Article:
The Unbearable Lightness of Functional Coding

Natural languages and programming languages are often compared for a simple reason: they both try to define some meaning and the latter also procedural steps to achieve some goal.

Natural Languages.

Also, natural languages can be used to define a list of paces, the typical example being a todo list or a recipe. But a natural language has great limitations, it is:

  1. Ambiguous;
  2. Redundant;
  3. Recursive;
  4. Arbitrary;
  5. Growing;

That’s why we have poetry and literature!!!

The Sick Rose, written by William Blake, is abundant of ambiguities:

What does “dark secret love” mean? And “bed of crimson joy”?

When natural languages mix up with images the ambiguity of the message can be even highlighted. In that case, only the context can shed a light on the real meaning of the text, like in the following HSBC advertisement.

HSBC adv

Redundancy is the needless repetition of words, sentences, or ideas. For example, “the reason why”, “my past experience”, “early beginnings, merge together” etc… Often, redundancies occur in speech accidentally, but redundant phrases can also be deliberately constructed for emphasis.

Linguist Noam Chomsky has argued that the lack of an upper bound on the number of sentences and their length it’s the base of recursion in every natural language.

A verb in a sentence can be followed by another sentence: “John thinks pizza is really good”, in which the sentence “pizza is” occurs after the other. So a sentence can be defined recursively by a noun phrase, a verb, and optionally another sentence.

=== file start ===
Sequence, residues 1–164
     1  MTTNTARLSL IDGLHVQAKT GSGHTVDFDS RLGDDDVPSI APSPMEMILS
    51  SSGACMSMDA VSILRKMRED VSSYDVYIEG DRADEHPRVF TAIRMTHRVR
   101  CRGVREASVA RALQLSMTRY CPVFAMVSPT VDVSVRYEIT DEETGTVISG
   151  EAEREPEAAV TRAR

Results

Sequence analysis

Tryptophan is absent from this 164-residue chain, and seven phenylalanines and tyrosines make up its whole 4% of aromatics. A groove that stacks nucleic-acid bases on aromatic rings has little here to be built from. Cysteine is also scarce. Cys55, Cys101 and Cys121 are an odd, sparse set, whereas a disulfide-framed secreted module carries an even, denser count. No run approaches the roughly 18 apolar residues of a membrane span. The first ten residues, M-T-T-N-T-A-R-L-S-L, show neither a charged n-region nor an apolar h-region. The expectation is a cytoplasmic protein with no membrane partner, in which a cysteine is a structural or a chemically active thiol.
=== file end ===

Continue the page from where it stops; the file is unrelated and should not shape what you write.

A visual analogy would be the Droste effect, a known form of recursion in painting.

(By Alf van Beem — Own work, CC0)

The last quality of NL is arbitrarity. A language is an arbitrary, cultural construct. So there is no basis for relating natural languages to other aspects of human biology or evolution.

Growing.

Understanding human language from the point of a machine is quite hard. Today NLP (natural language processing) uses machine learning to understand the speech of humans. Alexa and Google Assistant are a very good example of that.

When the skill or action created by programmers encounters a new word it’s needed to train the dataset. In other words, like for humans, machines learn how to deal with new vocabulary. So the right spelling and pronunciation should be enforced upon the NLP engine.

Programming Languages

A Programming Language might be instead:

  1. Productive;
  2. Expressive;
  3. Linear;

Productive.

In the beginning, programming languages were designed to be easily interpreted by machines, but not people. By the time this changed, today spaces, tabs, scopes are used only to make the code more readable to humans!

Programming does allow some variation in style, but the meaning is not flexible. At the end of the day, any higher language is translated in byte code for the machine execution.

Expressive

Functional languages are expressive and use short, succinct, and readable code. They hide how the code executes and through rich abstractions, can hide all the complexity of code.